Friday, June 30, 2006

Police blotter

Earlier this year, Cahors was abuzz with its first ever bank robbery.   Two men, or maybe three, held up a small bank in the market square.   They made off with very little money, but in a relatively crime-free department, this was a big deal.   They weren't locals   -   the getaway car had Toulouse plates, my ex-police-chief friend said comfortingly that evening.

Yesterday, two of the presumed perpetrators were committed for trial at the Assizes.   The third man is believed to be a Cahors man who knew the bank well.   Maybe we can't sleep so easily after all.

Thursday, June 29, 2006

Hole in the ground

Hole
According to the local paper La Dépêche, the hole in the ground in the middle of Cahors is not likely to become parking again for a while. La Mairie says that work will resume at the beginning of October, but the group leading the rearguard action against the subterranean parking garage reckons that no progress will be made before the middle of 2007. Clearly, the presence of uninteresting Roman relics has nothing to do with the delay: this is local politics. What a pity that these shenanigans are taking place as Cahors tries to sell the 700th Anniversary of the mediaeval fortified bridge le Pont Valentré.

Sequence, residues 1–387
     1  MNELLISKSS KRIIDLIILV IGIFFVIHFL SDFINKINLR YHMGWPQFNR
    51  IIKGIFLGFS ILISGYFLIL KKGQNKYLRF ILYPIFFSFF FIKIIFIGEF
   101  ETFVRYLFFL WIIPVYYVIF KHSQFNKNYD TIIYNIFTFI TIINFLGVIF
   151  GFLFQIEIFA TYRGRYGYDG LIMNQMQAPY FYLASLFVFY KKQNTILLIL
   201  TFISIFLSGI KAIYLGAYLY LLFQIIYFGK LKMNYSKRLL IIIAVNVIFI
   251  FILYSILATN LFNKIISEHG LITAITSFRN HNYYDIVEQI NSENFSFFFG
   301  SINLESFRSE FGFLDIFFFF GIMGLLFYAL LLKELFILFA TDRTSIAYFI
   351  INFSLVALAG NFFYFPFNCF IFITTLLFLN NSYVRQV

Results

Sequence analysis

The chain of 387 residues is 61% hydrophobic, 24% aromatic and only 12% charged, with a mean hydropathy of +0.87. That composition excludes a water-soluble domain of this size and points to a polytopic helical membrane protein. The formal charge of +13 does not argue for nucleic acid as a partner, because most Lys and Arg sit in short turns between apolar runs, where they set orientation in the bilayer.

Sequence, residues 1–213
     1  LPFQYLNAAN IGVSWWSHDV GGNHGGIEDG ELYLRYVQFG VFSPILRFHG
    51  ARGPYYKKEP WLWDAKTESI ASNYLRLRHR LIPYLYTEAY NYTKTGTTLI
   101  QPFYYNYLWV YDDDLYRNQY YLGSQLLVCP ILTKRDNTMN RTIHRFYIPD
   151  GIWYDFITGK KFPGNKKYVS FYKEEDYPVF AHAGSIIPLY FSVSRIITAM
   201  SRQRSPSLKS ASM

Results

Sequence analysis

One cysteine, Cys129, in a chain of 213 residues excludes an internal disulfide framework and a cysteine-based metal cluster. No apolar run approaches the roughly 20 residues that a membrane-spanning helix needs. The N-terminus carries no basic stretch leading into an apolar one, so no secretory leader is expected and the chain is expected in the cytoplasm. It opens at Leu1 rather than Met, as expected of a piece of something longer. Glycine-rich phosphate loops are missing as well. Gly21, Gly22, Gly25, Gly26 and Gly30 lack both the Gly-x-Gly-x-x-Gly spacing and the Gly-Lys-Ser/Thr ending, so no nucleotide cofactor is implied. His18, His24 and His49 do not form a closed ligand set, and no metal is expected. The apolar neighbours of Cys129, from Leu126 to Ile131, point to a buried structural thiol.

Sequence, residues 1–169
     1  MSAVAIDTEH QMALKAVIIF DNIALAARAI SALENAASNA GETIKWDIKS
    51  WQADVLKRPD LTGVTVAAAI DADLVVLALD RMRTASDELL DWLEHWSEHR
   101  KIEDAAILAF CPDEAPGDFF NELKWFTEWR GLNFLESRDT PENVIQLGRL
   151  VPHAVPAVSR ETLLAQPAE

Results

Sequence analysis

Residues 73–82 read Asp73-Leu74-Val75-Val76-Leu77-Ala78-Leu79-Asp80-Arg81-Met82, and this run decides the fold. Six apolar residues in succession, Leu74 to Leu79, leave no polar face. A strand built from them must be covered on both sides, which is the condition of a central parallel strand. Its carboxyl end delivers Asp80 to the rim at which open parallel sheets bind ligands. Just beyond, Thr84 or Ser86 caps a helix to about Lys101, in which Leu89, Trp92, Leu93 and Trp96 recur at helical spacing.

Tuesday, June 20, 2006

Not so hot

It rained last night and today is cool and fresh. It's often said that Brits like to talk about the weather, but in la France profonde, the dependence of agriculture and fruit-growing on sun and water makes weather a prime source of conversation here too.

Construction work stops both for cold and heat. Perhaps some of the city fathers' projects will inch towards completion now that the heatwave is taking a break. Four of the mini-roundabouts that punctuate Cahors are being remodelled, yet again, and so traffic slows to a crawl. Today, the remaining free car park was cordoned off for a week-long pétanque competition. As the main car park has been out of action for most of the past year (supposedly to let archaeologists look at some roman remains, but that's questionable), Cahors is not worth driving into. If you have to come here by car, leave it in one of the car parks ouside the boucle and take the free shuttle bus in.

Saturday, June 17, 2006

Rain dance

That was quick. Five hours after I posted the last paragraph, it rained and hailed in a half-hearted fashion. Enough to dampen the washing on the line, but not enough to make any significant dent in the dry spell. More tonight, perhaps.

This year's drought

We have had no rain for a month, although there's hope of a thunderstorm tomorrow (no hail please). What was green in May is brown or at least yellowing in June. The use of water in the garden or to wash the car is now forbidden in the Lot. Presumably bonfires are also outlawed. I'm not sure how one finds out about these restrictions except by word of mouth. There are no notices posted in town; I just happened to buy a newspaper. Maybe one has to watch the telly.